‘The calipers split into four different sections when they came off – the screws were scrap and needed drilling to extract them. We ended up having to cut the old handbrake cable out – it was seized on, and perished seals had let the brake fluid out and condensation in. In isolation, just removing and stripping the brakes took an entire day.

‘Much of the running gear was corroded, including the driveshafts and steering rack. The shafts were stripped down, shotblasted and zinc-coated, so they shouldn’t rot again, but the steering rack needed replacing, along with the steering arms. The only bits that were worth saving were the rack caps, which we zinc-plated. Surprisingly, the constant velocity joints just needed new rubber boots.

‘We sent the wheels away for refinishing – they had been painted in gloss, but David Graves wanted a matt finish as per the originals.’

Restoration theme was authentic originality

‘Obviously it would’ve been dangerous to try and use the old tyres – the tread wasn’t worn through but they’d been sitting so long they’d perished and the sidewalls had split. It was the same story with all the rubber components in this car.’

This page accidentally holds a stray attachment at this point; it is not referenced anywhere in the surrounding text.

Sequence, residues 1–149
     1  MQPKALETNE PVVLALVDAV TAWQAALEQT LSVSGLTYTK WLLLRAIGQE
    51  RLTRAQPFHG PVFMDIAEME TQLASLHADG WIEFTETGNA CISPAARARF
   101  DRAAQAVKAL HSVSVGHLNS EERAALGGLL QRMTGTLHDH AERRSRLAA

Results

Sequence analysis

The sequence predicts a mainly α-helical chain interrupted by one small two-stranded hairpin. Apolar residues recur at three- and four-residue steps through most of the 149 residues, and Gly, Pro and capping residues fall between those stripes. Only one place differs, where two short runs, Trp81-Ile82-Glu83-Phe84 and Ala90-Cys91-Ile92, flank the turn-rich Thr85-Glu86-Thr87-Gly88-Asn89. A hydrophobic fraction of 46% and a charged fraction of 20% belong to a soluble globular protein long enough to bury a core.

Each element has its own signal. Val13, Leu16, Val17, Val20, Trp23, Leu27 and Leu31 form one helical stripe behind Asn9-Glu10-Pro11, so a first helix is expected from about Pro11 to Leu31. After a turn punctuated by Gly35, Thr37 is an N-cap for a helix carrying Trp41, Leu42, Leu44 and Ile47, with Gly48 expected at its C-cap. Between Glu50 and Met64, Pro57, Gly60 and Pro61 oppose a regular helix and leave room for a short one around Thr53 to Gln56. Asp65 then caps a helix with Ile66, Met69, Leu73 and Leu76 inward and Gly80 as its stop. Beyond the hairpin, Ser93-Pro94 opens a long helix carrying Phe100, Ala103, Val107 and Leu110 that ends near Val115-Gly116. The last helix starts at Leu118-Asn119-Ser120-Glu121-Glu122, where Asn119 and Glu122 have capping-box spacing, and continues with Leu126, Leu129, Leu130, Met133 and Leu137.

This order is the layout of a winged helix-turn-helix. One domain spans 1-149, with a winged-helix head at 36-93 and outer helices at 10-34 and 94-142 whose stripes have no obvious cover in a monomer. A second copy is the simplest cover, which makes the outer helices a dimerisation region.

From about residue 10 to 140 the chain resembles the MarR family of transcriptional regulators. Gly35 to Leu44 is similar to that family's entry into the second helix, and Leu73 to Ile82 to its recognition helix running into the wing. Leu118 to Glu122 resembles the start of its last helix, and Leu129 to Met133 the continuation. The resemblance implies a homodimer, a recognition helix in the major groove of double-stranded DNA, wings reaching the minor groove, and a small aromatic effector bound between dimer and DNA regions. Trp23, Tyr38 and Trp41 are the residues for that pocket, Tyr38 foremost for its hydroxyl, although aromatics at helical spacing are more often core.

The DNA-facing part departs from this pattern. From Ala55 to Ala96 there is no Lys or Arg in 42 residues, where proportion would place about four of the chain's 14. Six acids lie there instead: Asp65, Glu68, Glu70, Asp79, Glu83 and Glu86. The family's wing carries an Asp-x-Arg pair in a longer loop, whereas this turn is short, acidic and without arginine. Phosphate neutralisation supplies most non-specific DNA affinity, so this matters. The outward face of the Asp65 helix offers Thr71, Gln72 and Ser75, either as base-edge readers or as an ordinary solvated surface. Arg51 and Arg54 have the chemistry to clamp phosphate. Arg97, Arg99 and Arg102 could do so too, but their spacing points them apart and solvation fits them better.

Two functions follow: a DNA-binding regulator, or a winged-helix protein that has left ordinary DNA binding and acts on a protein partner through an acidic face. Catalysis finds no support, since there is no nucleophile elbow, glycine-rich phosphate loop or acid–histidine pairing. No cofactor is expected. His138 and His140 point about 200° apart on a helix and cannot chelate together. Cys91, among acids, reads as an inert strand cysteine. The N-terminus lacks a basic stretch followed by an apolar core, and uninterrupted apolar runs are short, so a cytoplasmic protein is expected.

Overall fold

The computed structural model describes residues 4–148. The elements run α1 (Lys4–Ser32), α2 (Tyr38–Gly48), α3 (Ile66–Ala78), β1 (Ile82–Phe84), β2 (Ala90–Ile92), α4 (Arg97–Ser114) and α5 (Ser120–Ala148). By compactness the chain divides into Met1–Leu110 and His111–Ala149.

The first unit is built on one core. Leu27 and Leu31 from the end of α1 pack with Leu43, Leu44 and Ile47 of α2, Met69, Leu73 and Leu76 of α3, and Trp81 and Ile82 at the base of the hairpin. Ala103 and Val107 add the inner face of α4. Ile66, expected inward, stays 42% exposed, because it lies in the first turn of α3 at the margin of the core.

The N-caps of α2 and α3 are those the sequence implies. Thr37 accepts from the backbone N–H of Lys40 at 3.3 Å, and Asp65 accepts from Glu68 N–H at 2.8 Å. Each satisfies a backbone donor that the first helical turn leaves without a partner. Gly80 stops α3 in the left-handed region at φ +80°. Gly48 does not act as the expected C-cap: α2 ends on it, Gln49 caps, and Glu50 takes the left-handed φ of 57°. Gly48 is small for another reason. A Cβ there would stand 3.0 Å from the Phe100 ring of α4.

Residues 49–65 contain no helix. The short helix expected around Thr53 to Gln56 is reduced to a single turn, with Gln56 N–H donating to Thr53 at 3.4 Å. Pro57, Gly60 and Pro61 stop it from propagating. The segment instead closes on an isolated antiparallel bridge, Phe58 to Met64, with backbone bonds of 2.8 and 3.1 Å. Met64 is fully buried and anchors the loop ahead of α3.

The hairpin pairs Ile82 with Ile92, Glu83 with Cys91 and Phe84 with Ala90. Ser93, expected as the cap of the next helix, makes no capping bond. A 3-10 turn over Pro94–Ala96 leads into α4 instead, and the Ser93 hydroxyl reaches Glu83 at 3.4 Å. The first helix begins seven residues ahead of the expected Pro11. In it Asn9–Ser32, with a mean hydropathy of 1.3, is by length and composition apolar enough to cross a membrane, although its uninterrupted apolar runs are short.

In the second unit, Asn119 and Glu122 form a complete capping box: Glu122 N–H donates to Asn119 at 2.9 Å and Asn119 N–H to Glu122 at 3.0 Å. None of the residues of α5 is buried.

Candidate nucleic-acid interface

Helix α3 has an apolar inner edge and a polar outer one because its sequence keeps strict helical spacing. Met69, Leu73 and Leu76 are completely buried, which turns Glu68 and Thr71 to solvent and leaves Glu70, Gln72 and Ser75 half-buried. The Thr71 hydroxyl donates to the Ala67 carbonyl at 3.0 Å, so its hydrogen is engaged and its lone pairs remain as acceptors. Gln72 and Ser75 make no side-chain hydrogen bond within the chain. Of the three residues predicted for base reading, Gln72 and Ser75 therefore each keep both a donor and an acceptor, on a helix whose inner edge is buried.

Interior and electrics

‘New carpets were impossible to find, certainly from Porsche’

 ‘The leather was in fairly good condition given the circumstances and just needed re-Connollising, but the carpets had been nibbled by rodents and the headlining was awful, full of mildew and rot,’ said interior and electrics guru Andrew Smith.

Headlining material was difficult to source and hard to fit around the sunroof aperture

‘New carpets were impossible to find, certainly from Porsche. In the end we had to get a set made, so we went to Lee Peacock, who doesn’t advertise and runs his business from a farm making trim parts – he just does Porsche carpets. The headlining is very hard to find in this colour – we had to track down new-old-stock items from Lee because they’re no longer available from Porsche, and it was very challenging to fit, especially around the sunroof. The dashboard had to come out too, to get it to fit the A-pillars properly.

Rats had feasted on the carpets, but seats responded to reconditioning

‘Sourcing these things was very time-consuming and threatened the deadline date because they’re things you don’t tend to tackle early on in the restoration.